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3 Frustrating Things About Itchy Pets

You can help your pet by seeking early treatment and listening to your veterinarian.

Often, a pet’s itchiness can’t be cured, but it can be managed. By: alfmelin

Small animal veterinarians see lots of pets with skin problems. We call these derm cases — short for dermatology.

Derm conditions are common, but we probably see so many of them because a skin condition is more obvious than, say, a metabolic disorder where symptoms may be under the radar. A pet scratching constantly or who has icky-yicky-licky lesions all over her body makes you take notice.

Dermatologic problems are frustrating for everyone involved. Extreme itch or irritation will make a pet scratch until her skin bleeds or she tears her hair out. Cats might ingest so much hair as to create a secondary hairball problem. Dogs with severe lick sores on an extremity might chew the lesion almost to the bone.


 

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It can be heartbreaking to watch your buddy go through such misery. Here are 3 things that I find frustrating when dealing with an itchy pet — and how we humans can help.

1. Skin Problems Make Your Pet Miserable

Watching your pet scratch uncontrollably, seeing skin lesions worsen and getting more concerned about her discomfort are very disconcerting issues for people to deal with. Anyone who’s ever had a case of poison ivy or allergic itch can identify with the desire to scratch yourself until the pain replaces that itch.

Feeling scabs or greasy coats, seeing balding areas, smelling infected ears — these are constant reminders that our pet is uncomfortable and has a serious condition. So what do we do to show her some love? We pet her and try to give her some short-term relief.

2. Skin Problems Are Chronic

Many skin problems can be controlled but not cured. Allergic, inflammatory and cancerous skin diseases are often lifelong problems that can be managed with medications, injections, topical therapies and diet.

The word here is “control,” not “cure” — but, often, people don’t listen to the distinction. That’s why vets hear comments like:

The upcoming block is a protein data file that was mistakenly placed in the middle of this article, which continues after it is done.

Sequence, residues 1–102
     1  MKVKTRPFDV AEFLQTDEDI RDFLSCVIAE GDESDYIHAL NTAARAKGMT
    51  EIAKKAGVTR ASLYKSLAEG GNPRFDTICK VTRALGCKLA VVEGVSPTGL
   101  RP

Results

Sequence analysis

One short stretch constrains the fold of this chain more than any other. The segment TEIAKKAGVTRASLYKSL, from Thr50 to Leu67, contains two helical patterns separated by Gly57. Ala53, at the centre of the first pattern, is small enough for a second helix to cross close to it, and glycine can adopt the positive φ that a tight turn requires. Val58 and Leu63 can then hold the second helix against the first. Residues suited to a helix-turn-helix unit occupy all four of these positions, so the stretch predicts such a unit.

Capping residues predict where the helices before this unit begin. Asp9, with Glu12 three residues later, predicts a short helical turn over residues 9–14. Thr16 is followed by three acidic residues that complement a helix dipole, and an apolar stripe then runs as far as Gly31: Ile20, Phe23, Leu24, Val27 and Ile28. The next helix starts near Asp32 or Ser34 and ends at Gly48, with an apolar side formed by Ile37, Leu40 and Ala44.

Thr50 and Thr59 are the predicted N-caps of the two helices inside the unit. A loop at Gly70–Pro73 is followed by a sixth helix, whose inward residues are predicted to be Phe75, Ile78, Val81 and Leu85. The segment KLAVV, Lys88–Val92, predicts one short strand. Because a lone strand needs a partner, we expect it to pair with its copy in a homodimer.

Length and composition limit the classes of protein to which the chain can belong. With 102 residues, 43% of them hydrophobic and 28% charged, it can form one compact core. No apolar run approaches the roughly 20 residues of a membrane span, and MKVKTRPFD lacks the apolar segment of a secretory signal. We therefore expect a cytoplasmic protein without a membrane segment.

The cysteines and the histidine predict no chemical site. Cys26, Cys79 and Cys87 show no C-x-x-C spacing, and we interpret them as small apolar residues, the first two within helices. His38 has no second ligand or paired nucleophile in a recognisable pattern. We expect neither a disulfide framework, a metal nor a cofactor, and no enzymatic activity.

• “Those pills you gave us aren’t working now, Doc.”
  • “Puggles got better, but now it’s back again.”
  • “I don’t know why we can’t get rid of Paddy’s ear infections.”
  • “You mean Babe can’t eat regular dog food again? I have to get it from you?”
  • “Robo’s got that same rash, but I don’t want to come in again.”
  • “Why don’t you know how to get rid of this for good?”

Believe me — skin problems are frustrating for vets to treat not only because of the pet’s misery but because of a lack of listening on the human’s part.

If you see your pet struggling with itchiness, it may help to see the vet earlier rather than later. By: live composition

3. Skin Problems Are Expensive to Manage

Diagnostics, repetitive tests, repeat rechecks, medications. It’s no joke — dermatologic cases hurt the pocketbook.

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There is, however, some light at the end of the itch tunnel. Dermatology is a priority in veterinary research. There are always new discoveries about allergies, autoimmune skin disease and inflammatory skin conditions and how to treat them.

Early detection and intervention is always the best way to go. If you know your pet goes through seasonal allergies or gets “hot spots” and recurrent skin infections, getting the problem seen early may lessen the severity of the flare-up.

If your pet has one of those skin problems that stumps your regular vet and she recommends a consult with a dermatologist, try it. This may save you money and time in the future as well as getting some needed, first-rate relief for your pet.

Honesty and Hope

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Honesty is the best policy when it comes to talking to clients about potentially chronic skin problems. Scaring or depressing folks is not the goal; rather, explaining that a pet will not “get rid of her allergies” and that those allergies can be diagnosed and managed is the idea.

Autoimmune skin problems can go into remission, but they may recur. Food allergies can be diagnosed and treated with the right diet, but our furry friends may develop new allergies. These are usually conditions, not a one-off that just needs a quick fix.

Hope is on the rise for these suffering pets. New drugs introduced in the last several years have changed the course of how we treat these conditions. These new medications, such as Apoquel and Cytopoint, have reduced the use of corticosteroids with all their potential side effects.

If your pet is living with an uncontrolled skin condition, talk with your vet. The typical medicine may not work, so we need to find treatment together that can help manage your pet’s itchiness.

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This pet health content was written by a veterinarian, Dr. Debora Lichtenberg, VMD. It was last reviewed Feb. 8, 2017.

Dr. Debora Lichtenberg, VMD

View posts by Dr. Debora Lichtenberg, VMD
Dr. Debora Lichtenberg, VMD, is a small animal and exotics veterinarian who has split her time between a veterinary practice in Pelham, Massachusetts, and her studio in New York City. Dr. Lichtenberg is a graduate of the University of Pennsylvania School of Veterinary Medicine with 30 years of experience. Her special interests are soft tissue surgery and oncology.

Don’t Miss: See why Dave from Petful thinks The Farmer’s Dog is the best new dog food in the U.S. for a happier, healthier dog: Here is his review. For cats and multi-pet households, Dave’s top pick is NomNomNow. See why here.

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